Tikkun, Winter 2011
A Values- and Vision-Based Political Dream
by Benjamin Mordecai Ben-Baruch
We need leaders and organizers to inspire people and communities to act on their values and hopes. We need help articulating our values and vision of the ideal future. Right-wing successes have been achieved by appealing to peoples' fears, hatreds and prejudices. But the politics of hope is stronger than politics of fear. Imagining our future based on our highest ideals can mobilize us to overcome the paralysis of fear and hatred.
The politics of hope is not issue oriented, and people who share the same values and vision often disagree on the issues. For example, people are not inspired by a proposal for a universal single-payer health care system. People are inspired by believing that a future they couldn't imagine is now possible. Many opponents of "Obamacare" (the recent health insurance policy reform legislation) value providing health care to all who need it and want a future in which such care is unproblematic. But they have been misled into believing that their freedom and empowerment resides in free markets and that the government is Big Brother and something to fear. They have become paralyzed by their fears. The irrationality of these fears makes us vulnerable to demagoguery. We need to go beyond issue-oriented politics and the politics of fear to a public discourse focused on articulating our vision for the ideal future and what that future would look like. We need a vision of a society without the injustices of poverty and social inequality. We need a dream.
Similarly, when we explore Jewish attitudes toward Israel we find a high level of agreement on basic values that is hidden by the nature of discourse. The real difference among most American Jews is the extent to which they believe that Israel, the regional military power, is threatened. We see a polarization between those who fear for Israel's existence and hence are paralyzed from even dreaming of a better future and those motivated to act on their dreams.
When we establish a politics of hope, a political discourse of values and vision, then most Christians will see that they do not share the values and vision of the "Christian Right." Most Jews will see that they do not share the values and vision of Israel's political leadership. Most Americans will understand that the kind of America they want to build is quite different from that of the new conservatives and the neoliberals.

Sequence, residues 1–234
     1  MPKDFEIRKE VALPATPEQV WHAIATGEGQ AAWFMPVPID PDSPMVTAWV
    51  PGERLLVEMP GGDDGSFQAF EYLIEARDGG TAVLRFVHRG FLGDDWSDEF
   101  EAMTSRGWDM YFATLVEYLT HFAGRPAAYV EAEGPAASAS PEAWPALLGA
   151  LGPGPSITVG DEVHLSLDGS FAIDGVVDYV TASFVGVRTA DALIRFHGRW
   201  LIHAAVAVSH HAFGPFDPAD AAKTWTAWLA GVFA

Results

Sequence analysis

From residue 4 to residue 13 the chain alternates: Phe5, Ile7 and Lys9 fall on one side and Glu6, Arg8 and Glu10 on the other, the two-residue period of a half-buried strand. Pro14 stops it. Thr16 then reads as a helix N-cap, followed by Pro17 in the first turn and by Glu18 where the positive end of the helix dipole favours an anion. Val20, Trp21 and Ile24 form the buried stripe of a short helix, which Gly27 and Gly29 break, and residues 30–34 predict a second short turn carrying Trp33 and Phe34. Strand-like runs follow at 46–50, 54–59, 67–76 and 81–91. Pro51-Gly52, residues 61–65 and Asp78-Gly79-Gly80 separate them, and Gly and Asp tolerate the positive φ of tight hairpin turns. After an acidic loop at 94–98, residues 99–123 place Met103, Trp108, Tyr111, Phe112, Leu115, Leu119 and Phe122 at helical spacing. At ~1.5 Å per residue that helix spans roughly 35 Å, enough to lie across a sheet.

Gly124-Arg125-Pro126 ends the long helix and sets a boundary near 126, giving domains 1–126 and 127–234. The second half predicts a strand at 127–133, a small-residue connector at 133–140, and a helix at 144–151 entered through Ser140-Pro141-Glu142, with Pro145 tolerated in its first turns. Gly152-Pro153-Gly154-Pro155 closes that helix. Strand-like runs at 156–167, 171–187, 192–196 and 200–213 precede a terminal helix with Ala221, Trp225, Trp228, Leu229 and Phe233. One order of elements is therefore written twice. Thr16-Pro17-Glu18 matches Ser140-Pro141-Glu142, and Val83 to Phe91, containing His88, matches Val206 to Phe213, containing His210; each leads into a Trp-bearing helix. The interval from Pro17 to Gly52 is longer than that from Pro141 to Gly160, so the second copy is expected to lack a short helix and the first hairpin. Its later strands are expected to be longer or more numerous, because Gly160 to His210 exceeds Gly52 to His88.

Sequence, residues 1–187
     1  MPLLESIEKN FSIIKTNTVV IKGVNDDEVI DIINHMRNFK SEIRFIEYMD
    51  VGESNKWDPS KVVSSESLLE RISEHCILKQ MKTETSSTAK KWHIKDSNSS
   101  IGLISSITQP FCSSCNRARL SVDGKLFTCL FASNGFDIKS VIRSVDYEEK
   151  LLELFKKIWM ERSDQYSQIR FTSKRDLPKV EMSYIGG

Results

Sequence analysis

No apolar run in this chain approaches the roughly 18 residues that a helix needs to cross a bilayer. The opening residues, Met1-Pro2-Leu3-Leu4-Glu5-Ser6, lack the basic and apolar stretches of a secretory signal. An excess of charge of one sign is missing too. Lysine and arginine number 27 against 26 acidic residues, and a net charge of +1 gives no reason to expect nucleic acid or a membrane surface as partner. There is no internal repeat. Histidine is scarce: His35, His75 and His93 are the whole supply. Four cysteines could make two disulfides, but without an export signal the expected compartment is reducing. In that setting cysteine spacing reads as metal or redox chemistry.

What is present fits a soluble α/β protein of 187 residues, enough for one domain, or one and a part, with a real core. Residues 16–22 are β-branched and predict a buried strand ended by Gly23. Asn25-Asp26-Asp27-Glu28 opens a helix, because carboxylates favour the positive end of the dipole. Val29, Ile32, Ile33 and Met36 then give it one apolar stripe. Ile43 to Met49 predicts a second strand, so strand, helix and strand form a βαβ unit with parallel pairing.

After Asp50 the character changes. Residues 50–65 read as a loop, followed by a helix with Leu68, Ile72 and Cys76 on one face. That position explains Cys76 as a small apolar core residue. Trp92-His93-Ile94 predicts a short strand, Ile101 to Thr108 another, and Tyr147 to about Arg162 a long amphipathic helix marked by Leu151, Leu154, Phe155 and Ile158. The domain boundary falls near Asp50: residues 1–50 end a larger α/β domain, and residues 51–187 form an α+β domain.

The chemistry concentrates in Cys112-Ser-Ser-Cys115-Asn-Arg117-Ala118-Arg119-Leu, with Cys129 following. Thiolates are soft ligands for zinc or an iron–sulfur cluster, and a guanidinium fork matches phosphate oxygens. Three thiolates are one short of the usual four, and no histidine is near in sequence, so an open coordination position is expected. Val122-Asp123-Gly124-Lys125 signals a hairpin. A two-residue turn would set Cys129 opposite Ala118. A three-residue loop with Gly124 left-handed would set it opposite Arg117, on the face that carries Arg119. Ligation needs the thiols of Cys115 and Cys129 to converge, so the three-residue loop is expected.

But we need clarity. We need help articulating our values and vision. We need help exposing the contrary values and vision of the neo-liberals, clericalists, religious Right, and ultra-capitalists. We need to overcome the politics of fear. We need to go beyond issue-oriented politics. (And we need to go way beyond cyclic party and electoral politics.) We need to engage in the revolutionary politics of hope. We need to build a social movement of people inspired and mobilized to act upon hopes and dreams.
Benjamin Mordecai Ben-Baruch is a former principal in the United Hebrew Schools of Metropolitan Detroit and has served on the board of directors of the Jewish Reconstructionist Federation and is a former member of New Jewish Agenda. He recently served as director of the religious school of the Ann Arbor Reconstructionist Havurah. He is an applied sociologist (and former Vice-President of the Association for Applied and Clinical Sociology) currently working as an onsite consultant and project coordinator at Blue Cross Blue Shield of Michigan.
Source Citation: Ben-Baruch, Benjamin. 2011. A Values- and Vision-Based Political Dream. Tikkun 26(1): online exclusive.